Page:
John Gurda on his 50-year writing career and “conversation with Milwaukee”

by Mason Braasch 

This year, Milwaukee-born author John Gurda, 75, published his 23rd book. After 50 years of research and writing, Gurda has established himself as a storyteller for the history of Milwaukee. With books such as “The Making of Milwaukee” and “One People, Many Paths: A History of Jewish Milwaukee,” Gurda has filled thousands of pages with the diverse stories of Milwaukee’s past. Continuing his love for his city and its history, Gurda is also a lecturer, tour guide and history columnist for the Milwaukee Journal Sentinel. 

Did you always want to be a writer?

No. I wanted to be president. That was my first goal. I was a congressional page in high school. I was just fascinated with politics, so I went to Boston College for undergrad, and I began political science because that was a logical thing for a future politician to be involved in. The story I told my kids is we were playing intramural football my freshman year and I went up for a pass and some guy came down on my head. I was concussed and spent two days in the infirmary, and when I came out I was an English major.

How did you come to be a writer?

I always liked writing and reading and luckily [Boston College] had a good English department. I came back to Milwaukee… after graduation in 1969 and began to work. The 1960s mantra was if you’re not part of the solution you’re part of the problem, so that was kind of my operative value. A friend of mine was working at a youth center in the South Side called Journey House, and I went down as a volunteer; we were a shoestring operation. Another volunteer and I published a little pamphlet called “The Near South Side; A Delicate Balance.” The 1960s were kind of an anti-historical period, but for some lucky reason, I drew the historical side of the research for the pamphlet and began to meet people who knew my grandparent’s hardware store, and people who knew my dad. All of a sudden, I awoke to the idea of a story. All of these things that had been kind of devalued by counterculture…recovering all that stuff was just fascinating. So I worked… doing neighborhood research in the South Side and writing a pamphlet called “A Separate Settlement” about discovering ethnicity and discovering local history. I went back to school for a master’s in geography because I didn’t know what I was doing.

How has your relationship with your hometown of Milwaukee influenced your writing?

It’s formative. It is absolutely the identity. Milwaukee has a really interesting story: the determinism, the socialism, the beer. It’s a rather unusual American city and one that has big city problems. The thing I like about Milwaukee and Wisconsin is nothing is too big and nothing is too small — it’s kind of a sweet spot.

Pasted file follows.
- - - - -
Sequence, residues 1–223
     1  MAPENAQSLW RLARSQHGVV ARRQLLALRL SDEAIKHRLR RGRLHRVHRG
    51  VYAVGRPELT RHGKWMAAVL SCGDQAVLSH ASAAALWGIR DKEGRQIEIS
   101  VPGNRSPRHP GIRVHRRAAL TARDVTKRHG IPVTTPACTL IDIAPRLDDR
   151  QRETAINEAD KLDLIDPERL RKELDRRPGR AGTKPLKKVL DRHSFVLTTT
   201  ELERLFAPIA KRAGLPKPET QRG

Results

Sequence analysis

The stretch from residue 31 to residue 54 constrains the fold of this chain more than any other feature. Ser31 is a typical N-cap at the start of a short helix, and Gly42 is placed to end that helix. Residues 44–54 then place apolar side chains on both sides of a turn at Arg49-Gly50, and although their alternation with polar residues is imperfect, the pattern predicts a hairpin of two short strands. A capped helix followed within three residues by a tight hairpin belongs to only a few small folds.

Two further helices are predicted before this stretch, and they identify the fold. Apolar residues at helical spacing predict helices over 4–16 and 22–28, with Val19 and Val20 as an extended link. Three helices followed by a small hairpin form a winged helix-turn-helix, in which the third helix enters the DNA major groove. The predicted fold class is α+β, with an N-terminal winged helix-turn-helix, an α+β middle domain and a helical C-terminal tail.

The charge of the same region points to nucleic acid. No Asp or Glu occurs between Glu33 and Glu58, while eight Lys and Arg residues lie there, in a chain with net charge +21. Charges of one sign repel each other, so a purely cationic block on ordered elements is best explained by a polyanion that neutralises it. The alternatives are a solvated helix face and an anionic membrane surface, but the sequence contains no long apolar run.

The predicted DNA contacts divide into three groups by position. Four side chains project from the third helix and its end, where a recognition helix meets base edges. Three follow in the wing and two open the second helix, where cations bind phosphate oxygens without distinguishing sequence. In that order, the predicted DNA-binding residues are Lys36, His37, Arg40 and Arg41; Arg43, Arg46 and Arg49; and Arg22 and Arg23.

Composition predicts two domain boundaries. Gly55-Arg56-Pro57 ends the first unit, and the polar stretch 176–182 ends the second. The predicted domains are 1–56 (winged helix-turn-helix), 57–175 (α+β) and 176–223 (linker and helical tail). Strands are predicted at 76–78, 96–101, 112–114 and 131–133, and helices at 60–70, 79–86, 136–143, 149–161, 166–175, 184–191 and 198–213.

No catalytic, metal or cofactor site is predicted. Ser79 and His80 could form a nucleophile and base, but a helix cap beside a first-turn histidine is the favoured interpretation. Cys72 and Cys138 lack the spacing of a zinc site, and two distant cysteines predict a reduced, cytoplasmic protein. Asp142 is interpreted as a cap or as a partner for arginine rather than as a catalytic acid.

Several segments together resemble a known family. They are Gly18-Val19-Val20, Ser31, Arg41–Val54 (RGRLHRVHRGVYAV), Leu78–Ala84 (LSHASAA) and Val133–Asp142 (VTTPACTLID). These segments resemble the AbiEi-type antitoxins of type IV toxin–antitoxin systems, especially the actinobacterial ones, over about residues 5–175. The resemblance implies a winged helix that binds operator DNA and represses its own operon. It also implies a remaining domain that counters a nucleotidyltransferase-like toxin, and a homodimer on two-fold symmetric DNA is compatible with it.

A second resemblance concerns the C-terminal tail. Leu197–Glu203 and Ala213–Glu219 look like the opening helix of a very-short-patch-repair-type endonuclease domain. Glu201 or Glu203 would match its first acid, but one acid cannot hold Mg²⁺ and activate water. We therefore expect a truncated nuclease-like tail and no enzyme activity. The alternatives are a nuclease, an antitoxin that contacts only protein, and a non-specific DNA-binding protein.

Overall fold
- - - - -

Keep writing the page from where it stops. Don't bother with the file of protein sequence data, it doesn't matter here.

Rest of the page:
What do you hope that readers take away from your books?

Really what I’m after is the same sort of thing that I was pursuing back in the late 1960s at Journey House. A sense of identification, a sense of groundedness, belonging to this community. That was important to me back then, and I’ve come to think over the last 50 years that it’s important for everyone. The cliche is “grow where you’re planted” or “love where you live.” Regardless of where you are, it’s your home. And the more you know about it, the more you’re invested in it, the richer your life will be and the richer the life of the entire community will be. What I think of often is Aldo Leopold talked about land ethic; and what he said was that “when we come to think of land as something to which we belong, not something that belongs to us, then we can learn to treat it with love and respect.” And that’s really what my work is all about; trying to encourage not a sense of ownership, but a sense of belonging.  Our individual stories are part of a larger story.

John Gurda, 75, has been writing the diverse histories of his home town for 50 years. Photography by Max Thomsen.

What’s your favorite book that you’ve written?

“The Making of Milwaukee.” No question. That was kind of the big one, and that’s the one that has sold about 20,000 copies and is in its fourth edition. We built a curriculum around it, and it got turned into a five-and-a-half-hour PBS documentary that won a Midwest Emmy. If there is one piece that I think I identify with, it is “The Making of Milwaukee.”

What was your inspiration for writing “The Making of Milwaukee”?

The inspiration started in the 1970s. By that time I’d been [researching Milwaukee’s history] for 20 years and I began to realize that what I had was pieces of the puzzle. I had some pretty big chunks of what Milwaukee’s story was, so I almost felt like I had an obligation to bring those pieces inside the frame and fill it with the whole story. As it turned out, I knew a lot less than I thought I did! There had not been a good history written since 1948; there was nothing there for people that wanted to know the story of their city. There was a need. 

You wrote in one article for the Milwaukee Journal Sentinel that you “had a long-running conversation with Milwaukee.” How does that statement encompass your work?

I change, the city changes, the world changes, life changes. The kind of take that I have on Milwaukee in 2022 is different from the kind of take I had in 1972. It has changed in line with the changes in society and the changes in me as I’ve aged. So it really has been a conversation, and to be dead honest, I feel privileged to have been able to have kept up that conversation for 50 years — not many people get to do that. And that conversation will continue. I’m not sure in what form, but by no means is it a static relationship because life is not static. 

Featured photo by Max Thomsen.